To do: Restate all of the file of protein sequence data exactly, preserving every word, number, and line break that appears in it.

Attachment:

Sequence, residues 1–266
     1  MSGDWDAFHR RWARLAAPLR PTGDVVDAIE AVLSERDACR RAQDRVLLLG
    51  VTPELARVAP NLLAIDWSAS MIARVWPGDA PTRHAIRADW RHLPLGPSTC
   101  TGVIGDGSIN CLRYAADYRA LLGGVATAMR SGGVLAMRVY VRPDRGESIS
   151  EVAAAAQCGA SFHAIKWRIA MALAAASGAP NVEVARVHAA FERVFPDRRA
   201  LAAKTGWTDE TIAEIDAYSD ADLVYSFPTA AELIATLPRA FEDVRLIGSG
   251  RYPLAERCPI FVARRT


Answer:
Sequence, residues 1–266
     1  MSGDWDAFHR RWARLAAPLR PTGDVVDAIE AVLSERDACR RAQDRVLLLG
    51  VTPELARVAP NLLAIDWSAS MIARVWPGDA PTRHAIRADW RHLPLGPSTC
   101  TGVIGDGSIN CLRYAADYRA LLGGVATAMR SGGVLAMRVY VRPDRGESIS
   151  EVAAAAQCGA SFHAIKWRIA MALAAASGAP NVEVARVHAA FERVFPDRRA
   201  LAAKTGWTDE TIAEIDAYSD ADLVYSFPTA AELIATLPRA FEDVRLIGSG
   251  RYPLAERCPI FVARRT